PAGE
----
I think this was good document in overall, when you are obsessed with something (like in this case swords), the documentaries usually fall a bit short. Had to watch it on youtube, don't know if it was a country problem at PBS site.
You must remember that the document is meant to general public, not for us sword nuts alone. There are some points that I don't like, but I understand they will appeal to general public.
Why there is a katana in the beginning? And comparison to bastard sword? At first I thought oh crap... but fortunately after the bad start it turned out to be a fascinating document. But I guess you need comparison stuff like that to appeal the masses.
I wish they would have gotten more Ric and forging in it.
But after all it was only 60min documentary, and they had to try to cover the subject as widely as they could.
I think we have little under 30 Ulfberht swords in Finland from the sources I've read. Finnish archeologist Mikko Moilanen has done excessive study of them as well as other viking swords in Finland. He has made his graduation work focusing on blade inlays in viking swords. And has done seven swords that have blade inlays for experiments during that work using as close original means as possible. And I believe since that in 2006 Mikko has done many more swords featuring authentic inlays.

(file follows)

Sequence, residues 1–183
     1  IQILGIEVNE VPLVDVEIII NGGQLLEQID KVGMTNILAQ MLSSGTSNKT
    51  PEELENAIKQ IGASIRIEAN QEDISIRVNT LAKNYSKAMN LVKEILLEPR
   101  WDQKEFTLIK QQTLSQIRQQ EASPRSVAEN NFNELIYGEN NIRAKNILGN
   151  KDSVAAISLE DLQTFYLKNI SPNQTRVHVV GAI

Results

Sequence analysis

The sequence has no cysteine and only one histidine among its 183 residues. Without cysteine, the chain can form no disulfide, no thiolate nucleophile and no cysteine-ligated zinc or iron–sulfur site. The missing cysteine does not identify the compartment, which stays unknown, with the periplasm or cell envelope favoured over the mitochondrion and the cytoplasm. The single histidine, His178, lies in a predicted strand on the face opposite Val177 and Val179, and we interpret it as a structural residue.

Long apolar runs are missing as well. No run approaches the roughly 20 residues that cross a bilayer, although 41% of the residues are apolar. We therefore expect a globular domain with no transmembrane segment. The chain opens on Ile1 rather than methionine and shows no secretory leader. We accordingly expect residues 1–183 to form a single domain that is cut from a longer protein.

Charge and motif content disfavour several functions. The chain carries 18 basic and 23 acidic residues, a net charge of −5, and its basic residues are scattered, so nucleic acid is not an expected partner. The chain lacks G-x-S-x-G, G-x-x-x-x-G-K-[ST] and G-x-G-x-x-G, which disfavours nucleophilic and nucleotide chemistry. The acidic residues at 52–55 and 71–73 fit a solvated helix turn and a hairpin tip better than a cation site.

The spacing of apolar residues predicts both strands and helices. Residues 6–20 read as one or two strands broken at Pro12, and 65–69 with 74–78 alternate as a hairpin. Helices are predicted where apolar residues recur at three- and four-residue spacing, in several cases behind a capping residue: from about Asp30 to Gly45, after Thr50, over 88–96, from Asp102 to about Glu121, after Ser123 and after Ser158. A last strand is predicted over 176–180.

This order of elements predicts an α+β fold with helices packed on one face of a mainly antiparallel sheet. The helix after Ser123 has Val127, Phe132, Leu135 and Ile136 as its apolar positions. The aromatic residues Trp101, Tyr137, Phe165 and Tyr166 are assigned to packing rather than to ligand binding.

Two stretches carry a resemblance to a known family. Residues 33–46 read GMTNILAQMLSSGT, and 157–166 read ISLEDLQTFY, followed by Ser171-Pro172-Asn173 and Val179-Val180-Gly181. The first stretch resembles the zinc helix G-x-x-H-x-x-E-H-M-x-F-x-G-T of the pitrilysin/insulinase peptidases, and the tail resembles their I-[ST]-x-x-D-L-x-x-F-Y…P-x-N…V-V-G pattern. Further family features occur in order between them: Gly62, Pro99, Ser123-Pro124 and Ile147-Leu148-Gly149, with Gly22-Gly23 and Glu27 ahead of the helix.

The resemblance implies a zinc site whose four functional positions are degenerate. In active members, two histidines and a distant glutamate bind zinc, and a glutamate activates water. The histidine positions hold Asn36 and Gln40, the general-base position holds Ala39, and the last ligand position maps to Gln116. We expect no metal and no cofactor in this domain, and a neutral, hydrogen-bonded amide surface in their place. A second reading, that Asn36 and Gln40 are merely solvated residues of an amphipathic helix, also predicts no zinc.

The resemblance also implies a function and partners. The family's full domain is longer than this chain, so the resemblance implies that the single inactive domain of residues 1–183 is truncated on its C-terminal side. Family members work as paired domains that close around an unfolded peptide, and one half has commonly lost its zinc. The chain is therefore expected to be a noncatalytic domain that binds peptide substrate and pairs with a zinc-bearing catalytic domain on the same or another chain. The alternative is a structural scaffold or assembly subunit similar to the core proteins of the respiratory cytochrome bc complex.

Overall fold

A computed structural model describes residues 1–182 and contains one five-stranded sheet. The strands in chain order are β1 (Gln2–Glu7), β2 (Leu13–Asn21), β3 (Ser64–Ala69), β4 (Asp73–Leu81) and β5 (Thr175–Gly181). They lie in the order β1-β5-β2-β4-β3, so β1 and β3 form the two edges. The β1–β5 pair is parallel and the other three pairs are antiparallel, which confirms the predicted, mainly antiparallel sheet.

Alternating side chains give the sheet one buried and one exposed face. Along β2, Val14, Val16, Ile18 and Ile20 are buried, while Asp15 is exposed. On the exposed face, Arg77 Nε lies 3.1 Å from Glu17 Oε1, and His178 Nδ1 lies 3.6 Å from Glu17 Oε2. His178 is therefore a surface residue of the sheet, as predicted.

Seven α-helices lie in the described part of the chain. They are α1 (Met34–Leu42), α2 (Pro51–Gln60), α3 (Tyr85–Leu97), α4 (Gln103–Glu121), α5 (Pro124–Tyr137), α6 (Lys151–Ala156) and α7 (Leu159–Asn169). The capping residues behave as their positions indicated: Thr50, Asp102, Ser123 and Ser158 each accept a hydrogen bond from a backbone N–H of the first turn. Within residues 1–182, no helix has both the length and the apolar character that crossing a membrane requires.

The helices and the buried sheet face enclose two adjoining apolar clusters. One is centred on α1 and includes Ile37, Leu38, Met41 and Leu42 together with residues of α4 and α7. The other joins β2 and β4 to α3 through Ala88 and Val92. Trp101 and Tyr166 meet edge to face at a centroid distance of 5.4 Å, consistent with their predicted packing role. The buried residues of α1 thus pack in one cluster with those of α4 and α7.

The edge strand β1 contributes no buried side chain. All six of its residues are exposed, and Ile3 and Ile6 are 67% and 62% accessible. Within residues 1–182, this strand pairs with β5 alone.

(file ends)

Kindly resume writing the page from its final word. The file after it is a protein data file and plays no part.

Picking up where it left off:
Here is a link to article on old archeology magazine where Mikko discusses the origins of the inlay work and how it possibly was done, several possibilities. Unfortunately for the 99,9% of you the article is in finnish...
But you can at least see the pictures. Translating the metallurgy terminology into english might be a bit too hard for me, and I would make lots of errors in the process. http://koti.mbnet.fi/~arkeonyt/arkeonyt/AN%202006_3.pdf
Here is one picture of Ulfberht inlay in National Museum of Finland:
One good book that has some information about Ulfbehrt swords is - Swords of the Viking Age by Ian Peirce.